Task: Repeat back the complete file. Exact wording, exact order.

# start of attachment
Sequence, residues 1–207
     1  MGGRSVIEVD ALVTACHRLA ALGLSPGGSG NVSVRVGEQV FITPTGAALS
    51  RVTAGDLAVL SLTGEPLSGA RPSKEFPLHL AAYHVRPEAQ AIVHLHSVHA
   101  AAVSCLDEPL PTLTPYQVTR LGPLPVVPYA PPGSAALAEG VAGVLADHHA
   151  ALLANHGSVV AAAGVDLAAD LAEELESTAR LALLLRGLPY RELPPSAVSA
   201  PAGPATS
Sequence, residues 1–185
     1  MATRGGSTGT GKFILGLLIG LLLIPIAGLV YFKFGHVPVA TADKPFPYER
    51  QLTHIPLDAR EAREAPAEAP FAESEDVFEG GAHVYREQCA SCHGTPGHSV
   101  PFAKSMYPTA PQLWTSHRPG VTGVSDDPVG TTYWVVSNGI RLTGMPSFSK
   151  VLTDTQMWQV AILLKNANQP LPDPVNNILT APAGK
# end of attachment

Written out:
Sequence, residues 1–207
     1  MGGRSVIEVD ALVTACHRLA ALGLSPGGSG NVSVRVGEQV FITPTGAALS
    51  RVTAGDLAVL SLTGEPLSGA RPSKEFPLHL AAYHVRPEAQ AIVHLHSVHA
   101  AAVSCLDEPL PTLTPYQVTR LGPLPVVPYA PPGSAALAEG VAGVLADHHA
   151  ALLANHGSVV AAAGVDLAAD LAEELESTAR LALLLRGLPY RELPPSAVSA
   201  PAGPATS
Sequence, residues 1–185
     1  MATRGGSTGT GKFILGLLIG LLLIPIAGLV YFKFGHVPVA TADKPFPYER
    51  QLTHIPLDAR EAREAPAEAP FAESEDVFEG GAHVYREQCA SCHGTPGHSV
   101  PFAKSMYPTA PQLWTSHRPG VTGVSDDPVG TTYWVVSNGI RLTGMPSFSK
   151  VLTDTQMWQV AILLKNANQP LPDPVNNILT APAGK